Lorelle: Yeah, and it's important for us, like you said, to hear from our members and we are. We're actually in the process of doing a monthly survey. So we started the first one last week so... Gosh, the weeks are really blending together here, but those results will be out next week. And so these are monthly surveys that we'll be doing of college and university presidents, specifically on the COVID-19 crisis, implications, aftermath, whatever happens over the next 12 months. And we're gonna be asking questions just like the ones that you touched on in terms of, how they're doing financially, what they're anticipating. We know from some other survey data that's been released, including out of AAC&U, that presidents and senior leaders are considering layoffs, across the board cuts, changes to their academic programs. Really there hasn't been a lot of activity along those lines yet, but it's all on the table. And of course they're most concerned about enrollment, Summer and Fall enrollment. So we don't expect that to change, those concerns to change, but we'll be looking to ask other questions that hopefully we can use to design the right programs on ACE Engage and elsewhere and for you all to run with over in the government relations shop.

Jon: Yeah, I think that'll be really helpful. And I think, particularly talking about hearing from our members that is a very good place to pivot to our guest today who, not only is one of our members, but is a really impressive President of an institution. We're joined by Dr. Carrie Hauser of Colorado Mountain College. This podcast has been a long time in the making, I think. We had reached out to Carrie about doing a session at the Annual Meeting that I was working on, regarding student loans and paying for college because of some of the innovative work you're doing at Colorado Mountain College. But, obviously, our Annual Meeting didn't occur. So, we're going with the next best thing, right? You get to speak to Lorelle and I on a podcast. Anyway, I've rambled. Welcome, Carrie. Thank you for joining us.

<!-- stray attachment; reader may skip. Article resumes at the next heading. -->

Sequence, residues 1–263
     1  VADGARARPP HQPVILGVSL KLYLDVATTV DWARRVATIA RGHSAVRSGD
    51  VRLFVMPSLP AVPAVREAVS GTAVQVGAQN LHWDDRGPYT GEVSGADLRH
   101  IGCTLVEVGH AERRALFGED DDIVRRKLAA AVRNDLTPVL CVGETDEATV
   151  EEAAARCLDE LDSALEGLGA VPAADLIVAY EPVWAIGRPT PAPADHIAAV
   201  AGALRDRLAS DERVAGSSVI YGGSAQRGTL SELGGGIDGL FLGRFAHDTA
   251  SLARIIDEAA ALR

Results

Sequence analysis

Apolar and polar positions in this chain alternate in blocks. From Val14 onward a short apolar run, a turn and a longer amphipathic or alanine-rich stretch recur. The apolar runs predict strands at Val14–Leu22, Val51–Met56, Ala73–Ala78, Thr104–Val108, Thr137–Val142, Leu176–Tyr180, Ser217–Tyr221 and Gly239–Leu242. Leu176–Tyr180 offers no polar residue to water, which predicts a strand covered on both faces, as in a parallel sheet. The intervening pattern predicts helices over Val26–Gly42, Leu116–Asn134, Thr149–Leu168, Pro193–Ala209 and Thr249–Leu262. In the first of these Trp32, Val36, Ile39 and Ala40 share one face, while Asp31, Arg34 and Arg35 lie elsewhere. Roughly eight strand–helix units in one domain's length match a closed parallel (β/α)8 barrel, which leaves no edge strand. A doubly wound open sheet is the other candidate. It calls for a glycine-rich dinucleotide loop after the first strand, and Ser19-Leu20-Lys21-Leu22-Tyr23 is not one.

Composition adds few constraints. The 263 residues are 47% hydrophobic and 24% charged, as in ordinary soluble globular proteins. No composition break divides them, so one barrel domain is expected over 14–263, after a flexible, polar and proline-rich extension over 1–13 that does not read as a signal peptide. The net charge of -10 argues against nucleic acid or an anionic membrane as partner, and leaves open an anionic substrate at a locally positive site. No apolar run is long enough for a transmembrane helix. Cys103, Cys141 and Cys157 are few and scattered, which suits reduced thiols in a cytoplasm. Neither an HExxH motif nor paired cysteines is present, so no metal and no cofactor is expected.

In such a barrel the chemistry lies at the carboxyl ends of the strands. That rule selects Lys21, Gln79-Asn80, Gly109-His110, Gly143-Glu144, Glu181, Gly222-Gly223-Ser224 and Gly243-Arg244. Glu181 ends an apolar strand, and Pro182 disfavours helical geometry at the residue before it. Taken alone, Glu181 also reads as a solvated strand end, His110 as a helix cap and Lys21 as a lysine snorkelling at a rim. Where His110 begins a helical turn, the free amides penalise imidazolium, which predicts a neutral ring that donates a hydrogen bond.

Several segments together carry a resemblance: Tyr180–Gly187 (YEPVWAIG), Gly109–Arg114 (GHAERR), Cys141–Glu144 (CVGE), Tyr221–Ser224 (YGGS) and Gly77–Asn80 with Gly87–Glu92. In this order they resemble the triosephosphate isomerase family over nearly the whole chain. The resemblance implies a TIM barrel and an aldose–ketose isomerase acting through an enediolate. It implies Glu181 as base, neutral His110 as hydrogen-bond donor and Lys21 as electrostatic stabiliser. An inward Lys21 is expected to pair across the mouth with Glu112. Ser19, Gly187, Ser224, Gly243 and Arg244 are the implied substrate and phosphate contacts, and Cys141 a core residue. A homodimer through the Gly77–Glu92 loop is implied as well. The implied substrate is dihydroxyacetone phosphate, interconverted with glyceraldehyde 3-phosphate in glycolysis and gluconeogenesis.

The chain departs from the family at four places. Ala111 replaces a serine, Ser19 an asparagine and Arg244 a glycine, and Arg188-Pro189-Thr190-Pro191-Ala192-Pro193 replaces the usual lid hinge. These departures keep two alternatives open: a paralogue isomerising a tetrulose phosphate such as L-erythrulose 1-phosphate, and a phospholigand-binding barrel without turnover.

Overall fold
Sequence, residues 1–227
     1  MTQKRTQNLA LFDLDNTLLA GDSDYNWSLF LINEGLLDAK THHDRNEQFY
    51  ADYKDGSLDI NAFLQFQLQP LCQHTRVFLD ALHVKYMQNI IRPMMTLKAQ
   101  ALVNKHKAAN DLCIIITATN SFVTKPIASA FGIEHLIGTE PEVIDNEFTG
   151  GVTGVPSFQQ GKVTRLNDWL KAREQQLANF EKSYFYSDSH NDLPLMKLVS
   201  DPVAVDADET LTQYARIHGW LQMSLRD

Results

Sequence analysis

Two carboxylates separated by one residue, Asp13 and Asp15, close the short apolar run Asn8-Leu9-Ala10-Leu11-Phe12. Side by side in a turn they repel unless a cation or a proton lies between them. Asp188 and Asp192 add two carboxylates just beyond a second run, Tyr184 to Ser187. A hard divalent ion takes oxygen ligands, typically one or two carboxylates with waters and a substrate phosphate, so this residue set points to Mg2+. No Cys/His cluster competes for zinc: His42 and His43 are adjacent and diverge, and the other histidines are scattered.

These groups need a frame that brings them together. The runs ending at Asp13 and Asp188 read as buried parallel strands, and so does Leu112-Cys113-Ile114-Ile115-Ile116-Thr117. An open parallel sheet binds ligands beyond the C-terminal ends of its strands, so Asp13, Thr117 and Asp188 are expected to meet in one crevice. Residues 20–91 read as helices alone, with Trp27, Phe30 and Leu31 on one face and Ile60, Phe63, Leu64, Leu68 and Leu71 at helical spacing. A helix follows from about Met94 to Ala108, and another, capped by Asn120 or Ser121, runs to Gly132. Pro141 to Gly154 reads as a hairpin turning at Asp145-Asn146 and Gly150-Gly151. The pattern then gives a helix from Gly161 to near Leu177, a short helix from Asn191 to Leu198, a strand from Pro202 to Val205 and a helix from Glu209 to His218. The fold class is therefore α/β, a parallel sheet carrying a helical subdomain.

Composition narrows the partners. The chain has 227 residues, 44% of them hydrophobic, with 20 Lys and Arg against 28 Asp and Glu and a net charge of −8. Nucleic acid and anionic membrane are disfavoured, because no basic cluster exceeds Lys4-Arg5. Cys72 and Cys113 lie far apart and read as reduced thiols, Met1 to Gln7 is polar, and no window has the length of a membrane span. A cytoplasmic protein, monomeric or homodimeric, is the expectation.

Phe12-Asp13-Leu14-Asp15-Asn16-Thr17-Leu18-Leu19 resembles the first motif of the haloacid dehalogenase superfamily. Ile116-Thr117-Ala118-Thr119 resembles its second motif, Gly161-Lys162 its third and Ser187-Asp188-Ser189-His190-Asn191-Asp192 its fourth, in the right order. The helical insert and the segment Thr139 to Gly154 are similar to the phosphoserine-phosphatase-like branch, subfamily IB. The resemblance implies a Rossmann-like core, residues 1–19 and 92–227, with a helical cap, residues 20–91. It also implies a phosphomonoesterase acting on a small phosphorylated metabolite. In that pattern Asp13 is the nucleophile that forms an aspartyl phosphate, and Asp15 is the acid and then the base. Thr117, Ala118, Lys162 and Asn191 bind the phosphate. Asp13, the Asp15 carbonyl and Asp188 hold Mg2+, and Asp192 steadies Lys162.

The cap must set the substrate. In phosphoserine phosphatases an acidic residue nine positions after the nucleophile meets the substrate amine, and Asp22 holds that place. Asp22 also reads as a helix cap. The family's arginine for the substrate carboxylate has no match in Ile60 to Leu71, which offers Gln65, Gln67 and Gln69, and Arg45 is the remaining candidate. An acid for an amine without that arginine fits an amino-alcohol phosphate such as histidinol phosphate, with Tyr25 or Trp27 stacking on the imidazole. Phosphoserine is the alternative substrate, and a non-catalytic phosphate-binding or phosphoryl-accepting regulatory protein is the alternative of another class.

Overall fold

Carrie: Thank you. There are always silver linings.

Jon: That's right. I don't know if this qualifies as quite a silver lining. Going to San Diego versus talking to us over Zoom. You know, I mean...

Carrie: I'm looking at a blizzard out my window, so you know...

Lorelle: A little different.

Jon: That's right. Well, thank you again for joining us. We were gonna have you on to talk about student debts and [unintelligible] and some innovative things you're doing to help your students afford higher education, but obviously events have overtaken us. The Annual Meeting was cancelled because of the fear of coronavirus, the impact to the pandemic. Maybe it makes more sense to start and talk a little bit about what you've seen on your campus and some of the things you're doing to respond.